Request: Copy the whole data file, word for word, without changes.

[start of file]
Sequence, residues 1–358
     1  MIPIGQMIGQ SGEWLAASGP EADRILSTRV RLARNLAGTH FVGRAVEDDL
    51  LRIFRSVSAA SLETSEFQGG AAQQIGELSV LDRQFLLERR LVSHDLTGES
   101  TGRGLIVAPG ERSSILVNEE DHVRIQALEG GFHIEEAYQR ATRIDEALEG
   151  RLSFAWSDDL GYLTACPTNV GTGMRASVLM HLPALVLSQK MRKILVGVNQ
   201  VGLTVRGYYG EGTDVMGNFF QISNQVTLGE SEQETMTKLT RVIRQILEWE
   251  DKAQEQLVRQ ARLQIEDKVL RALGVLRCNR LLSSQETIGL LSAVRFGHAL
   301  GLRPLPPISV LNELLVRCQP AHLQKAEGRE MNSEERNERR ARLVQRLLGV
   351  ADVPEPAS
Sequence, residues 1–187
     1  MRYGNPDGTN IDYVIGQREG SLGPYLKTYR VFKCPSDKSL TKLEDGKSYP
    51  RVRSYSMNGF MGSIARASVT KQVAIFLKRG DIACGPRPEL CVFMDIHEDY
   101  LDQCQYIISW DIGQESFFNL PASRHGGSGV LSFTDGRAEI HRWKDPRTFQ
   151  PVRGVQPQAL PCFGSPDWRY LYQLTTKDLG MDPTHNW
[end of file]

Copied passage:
Sequence, residues 1–358
     1  MIPIGQMIGQ SGEWLAASGP EADRILSTRV RLARNLAGTH FVGRAVEDDL
    51  LRIFRSVSAA SLETSEFQGG AAQQIGELSV LDRQFLLERR LVSHDLTGES
   101  TGRGLIVAPG ERSSILVNEE DHVRIQALEG GFHIEEAYQR ATRIDEALEG
   151  RLSFAWSDDL GYLTACPTNV GTGMRASVLM HLPALVLSQK MRKILVGVNQ
   201  VGLTVRGYYG EGTDVMGNFF QISNQVTLGE SEQETMTKLT RVIRQILEWE
   251  DKAQEQLVRQ ARLQIEDKVL RALGVLRCNR LLSSQETIGL LSAVRFGHAL
   301  GLRPLPPISV LNELLVRCQP AHLQKAEGRE MNSEERNERR ARLVQRLLGV
   351  ADVPEPAS
Sequence, residues 1–187
     1  MRYGNPDGTN IDYVIGQREG SLGPYLKTYR VFKCPSDKSL TKLEDGKSYP
    51  RVRSYSMNGF MGSIARASVT KQVAIFLKRG DIACGPRPEL CVFMDIHEDY
   101  LDQCQYIISW DIGQESFFNL PASRHGGSGV LSFTDGRAEI HRWKDPRTFQ
   151  PVRGVQPQAL PCFGSPDWRY LYQLTTKDLG MDPTHNW